The aim of an activity recognition system is the analysis of a continuous observation stream, gathered from a sensorised environment, detecting relevant activities and rejecting portions of the observation stream that represent unknown or idle activities (Turaga et al., 2008). Nevertheless, there are several privacy and security issues regarding the interaction between the human user and monitoring software. As previously mentioned, privacy and security are two of the most relevant challenges in the activity recognition context. The former concerns the operational policies, procedures and regulations implemented within an information system to manage personal information held in any format. The latter addresses the various components of an information system that safeguard data and associated infrastructures from unauthorised activities (Friedewald et al., 2007). Regarding the AAL domain, the development of a care service system requires, on the one hand the access to user's health information with the aim of supervising patience's behaviours and detecting emergency situations; on the other hand, the system must protect high sensitive information that users may not agree to share with third parts (Bohn et al., 2004).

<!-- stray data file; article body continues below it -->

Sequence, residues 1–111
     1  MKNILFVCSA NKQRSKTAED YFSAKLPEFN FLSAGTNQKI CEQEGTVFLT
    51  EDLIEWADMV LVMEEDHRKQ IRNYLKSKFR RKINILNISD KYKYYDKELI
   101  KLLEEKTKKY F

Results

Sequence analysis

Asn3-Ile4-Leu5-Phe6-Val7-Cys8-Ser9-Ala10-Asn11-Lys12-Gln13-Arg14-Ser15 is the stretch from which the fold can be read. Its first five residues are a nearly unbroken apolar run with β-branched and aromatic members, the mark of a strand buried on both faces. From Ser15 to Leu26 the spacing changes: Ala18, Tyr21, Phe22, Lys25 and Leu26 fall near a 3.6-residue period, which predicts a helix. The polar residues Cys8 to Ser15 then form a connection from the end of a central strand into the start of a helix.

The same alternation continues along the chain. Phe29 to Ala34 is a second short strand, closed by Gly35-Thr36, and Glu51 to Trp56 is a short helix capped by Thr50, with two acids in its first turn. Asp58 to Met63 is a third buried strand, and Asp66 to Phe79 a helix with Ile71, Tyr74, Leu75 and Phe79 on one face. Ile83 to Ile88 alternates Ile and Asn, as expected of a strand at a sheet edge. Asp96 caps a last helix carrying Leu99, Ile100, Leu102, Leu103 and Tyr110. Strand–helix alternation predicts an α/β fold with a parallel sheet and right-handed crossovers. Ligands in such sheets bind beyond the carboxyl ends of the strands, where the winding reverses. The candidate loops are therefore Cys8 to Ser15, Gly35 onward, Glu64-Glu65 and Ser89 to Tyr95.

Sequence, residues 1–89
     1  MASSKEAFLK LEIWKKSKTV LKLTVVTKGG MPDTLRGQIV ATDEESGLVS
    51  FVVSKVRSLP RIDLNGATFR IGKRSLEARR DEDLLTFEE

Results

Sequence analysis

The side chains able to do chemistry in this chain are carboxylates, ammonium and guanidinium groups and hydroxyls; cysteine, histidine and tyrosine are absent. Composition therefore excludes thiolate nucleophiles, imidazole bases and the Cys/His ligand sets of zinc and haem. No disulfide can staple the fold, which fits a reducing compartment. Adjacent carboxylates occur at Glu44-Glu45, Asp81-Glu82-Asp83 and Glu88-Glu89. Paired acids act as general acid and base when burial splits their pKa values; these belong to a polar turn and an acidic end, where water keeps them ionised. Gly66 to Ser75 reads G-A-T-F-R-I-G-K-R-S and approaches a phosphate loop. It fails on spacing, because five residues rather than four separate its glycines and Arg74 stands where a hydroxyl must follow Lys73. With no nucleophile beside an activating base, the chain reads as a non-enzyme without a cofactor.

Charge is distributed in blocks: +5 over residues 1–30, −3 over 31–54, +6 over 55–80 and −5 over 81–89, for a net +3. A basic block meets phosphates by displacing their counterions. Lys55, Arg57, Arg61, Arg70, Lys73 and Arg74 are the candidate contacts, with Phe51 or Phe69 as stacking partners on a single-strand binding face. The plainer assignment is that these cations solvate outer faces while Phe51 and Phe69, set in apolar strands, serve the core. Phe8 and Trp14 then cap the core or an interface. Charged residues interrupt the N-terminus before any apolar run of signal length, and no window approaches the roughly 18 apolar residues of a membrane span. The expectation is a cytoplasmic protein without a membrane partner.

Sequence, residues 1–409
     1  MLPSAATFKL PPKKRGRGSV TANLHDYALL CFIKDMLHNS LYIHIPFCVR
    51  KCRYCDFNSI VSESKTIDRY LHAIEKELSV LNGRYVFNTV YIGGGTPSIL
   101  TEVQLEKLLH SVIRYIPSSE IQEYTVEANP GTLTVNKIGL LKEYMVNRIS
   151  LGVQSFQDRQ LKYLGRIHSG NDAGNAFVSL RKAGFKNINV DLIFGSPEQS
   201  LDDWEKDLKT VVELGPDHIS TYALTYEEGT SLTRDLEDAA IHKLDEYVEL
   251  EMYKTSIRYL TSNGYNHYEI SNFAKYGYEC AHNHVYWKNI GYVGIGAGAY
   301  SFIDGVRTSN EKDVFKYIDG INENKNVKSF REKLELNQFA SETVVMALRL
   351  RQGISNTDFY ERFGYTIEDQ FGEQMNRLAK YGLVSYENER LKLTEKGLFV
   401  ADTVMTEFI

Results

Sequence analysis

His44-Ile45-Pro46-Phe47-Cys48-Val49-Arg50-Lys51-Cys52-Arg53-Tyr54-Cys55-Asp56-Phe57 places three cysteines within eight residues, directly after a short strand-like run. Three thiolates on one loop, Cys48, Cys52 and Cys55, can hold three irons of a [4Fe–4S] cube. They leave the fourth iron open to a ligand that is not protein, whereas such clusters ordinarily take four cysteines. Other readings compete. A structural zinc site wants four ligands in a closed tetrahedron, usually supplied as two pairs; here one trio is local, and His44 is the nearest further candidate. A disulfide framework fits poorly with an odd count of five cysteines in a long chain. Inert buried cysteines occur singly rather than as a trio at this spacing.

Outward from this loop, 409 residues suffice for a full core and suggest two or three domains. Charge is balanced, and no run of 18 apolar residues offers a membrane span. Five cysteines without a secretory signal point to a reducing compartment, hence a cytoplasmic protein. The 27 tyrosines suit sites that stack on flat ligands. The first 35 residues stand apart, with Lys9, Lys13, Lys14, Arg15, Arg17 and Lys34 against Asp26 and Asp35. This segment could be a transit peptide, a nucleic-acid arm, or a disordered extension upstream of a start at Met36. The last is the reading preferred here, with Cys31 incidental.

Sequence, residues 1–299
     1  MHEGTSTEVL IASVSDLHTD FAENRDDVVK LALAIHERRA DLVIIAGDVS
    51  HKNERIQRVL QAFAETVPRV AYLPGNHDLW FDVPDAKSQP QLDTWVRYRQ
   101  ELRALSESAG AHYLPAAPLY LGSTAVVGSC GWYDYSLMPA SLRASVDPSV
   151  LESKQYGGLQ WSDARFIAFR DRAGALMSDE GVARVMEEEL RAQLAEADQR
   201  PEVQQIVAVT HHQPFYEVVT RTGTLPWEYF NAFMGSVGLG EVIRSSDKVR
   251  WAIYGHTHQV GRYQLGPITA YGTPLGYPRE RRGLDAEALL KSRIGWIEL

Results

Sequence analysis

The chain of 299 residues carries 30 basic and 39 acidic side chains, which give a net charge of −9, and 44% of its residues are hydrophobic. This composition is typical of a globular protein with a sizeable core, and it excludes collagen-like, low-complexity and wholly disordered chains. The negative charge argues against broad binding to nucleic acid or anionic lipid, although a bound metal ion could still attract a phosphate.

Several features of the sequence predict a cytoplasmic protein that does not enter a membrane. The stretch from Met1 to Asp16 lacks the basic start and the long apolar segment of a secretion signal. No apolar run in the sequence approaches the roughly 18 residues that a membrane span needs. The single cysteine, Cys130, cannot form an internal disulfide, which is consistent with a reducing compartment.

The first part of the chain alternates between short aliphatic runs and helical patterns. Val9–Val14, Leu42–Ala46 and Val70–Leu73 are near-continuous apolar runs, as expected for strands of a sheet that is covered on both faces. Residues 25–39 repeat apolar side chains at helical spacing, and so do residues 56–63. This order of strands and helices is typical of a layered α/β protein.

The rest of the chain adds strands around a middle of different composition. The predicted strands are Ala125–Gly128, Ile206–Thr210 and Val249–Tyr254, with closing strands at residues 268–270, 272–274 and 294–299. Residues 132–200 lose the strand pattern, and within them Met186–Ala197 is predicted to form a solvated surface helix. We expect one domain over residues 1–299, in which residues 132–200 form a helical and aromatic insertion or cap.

Figure 1: Graphical representation of privacy and security critical points in a sensing environment.

Fig. 1 shows the three primary points where privacy and security should be considered (Cavoukia et al., 2010):

  • User
  • Technology
  • Storage and Processing

An activity recognition system has to: a) respect user privacy during data acquisition; b) guarantee security of sensing devices and data transmission; c) protect the stored data on the server through privacy access policies.

A user perceives a privacy violation when a natural, social, spatial or temporal, and transient border is crossed (Marx, 2001). A natural border describes a physical restriction of observability (e.g., a wall, a door, and the darkness). A social border describes the protection of confidential information by a subset of people (e.g., the sensitive information shared with a doctor or a lawyer). A spatial or temporal border describes a part of the life of a user, which is considered to be isolated from the other parts (e.g., hobbies do not influence the working sphere, and vice versa). A transient border describes actions and declarations that a user hopes to be forgotten (e.g., old letters and photo put in the rubbish). In the Pervasive Computing context, the presence of sensing devices, which are invisible, proactive and ubiquitous, may preclude the user's choices regarding the authorization to record and store sensitive data. The introduction of suitable authorization policies and privacy settings in the devices may overcome these drawbacks.

Figure 2: Examples of smart technologies